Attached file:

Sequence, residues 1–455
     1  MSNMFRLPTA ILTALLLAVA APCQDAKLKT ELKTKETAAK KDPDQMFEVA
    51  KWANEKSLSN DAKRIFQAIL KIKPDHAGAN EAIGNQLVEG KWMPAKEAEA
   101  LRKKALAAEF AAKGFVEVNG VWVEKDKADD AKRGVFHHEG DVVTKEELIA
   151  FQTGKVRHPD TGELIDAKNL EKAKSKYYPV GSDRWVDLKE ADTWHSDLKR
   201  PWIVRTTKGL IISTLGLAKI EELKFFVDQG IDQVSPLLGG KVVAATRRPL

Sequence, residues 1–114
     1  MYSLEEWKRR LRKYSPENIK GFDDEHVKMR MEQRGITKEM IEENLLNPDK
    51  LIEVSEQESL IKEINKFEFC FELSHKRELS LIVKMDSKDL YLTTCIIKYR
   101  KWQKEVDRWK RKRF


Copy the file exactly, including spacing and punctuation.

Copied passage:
Sequence, residues 1–455
     1  MSNMFRLPTA ILTALLLAVA APCQDAKLKT ELKTKETAAK KDPDQMFEVA
    51  KWANEKSLSN DAKRIFQAIL KIKPDHAGAN EAIGNQLVEG KWMPAKEAEA
   101  LRKKALAAEF AAKGFVEVNG VWVEKDKADD AKRGVFHHEG DVVTKEELIA
   151  FQTGKVRHPD TGELIDAKNL EKAKSKYYPV GSDRWVDLKE ADTWHSDLKR
   201  PWIVRTTKGL IISTLGLAKI EELKFFVDQG IDQVSPLLGG KVVAATRRPL

Sequence, residues 1–114
     1  MYSLEEWKRR LRKYSPENIK GFDDEHVKMR MEQRGITKEM IEENLLNPDK
    51  LIEVSEQESL IKEINKFEFC FELSHKRELS LIVKMDSKDL YLTTCIIKYR
   101  KWQKEVDRWK RKRF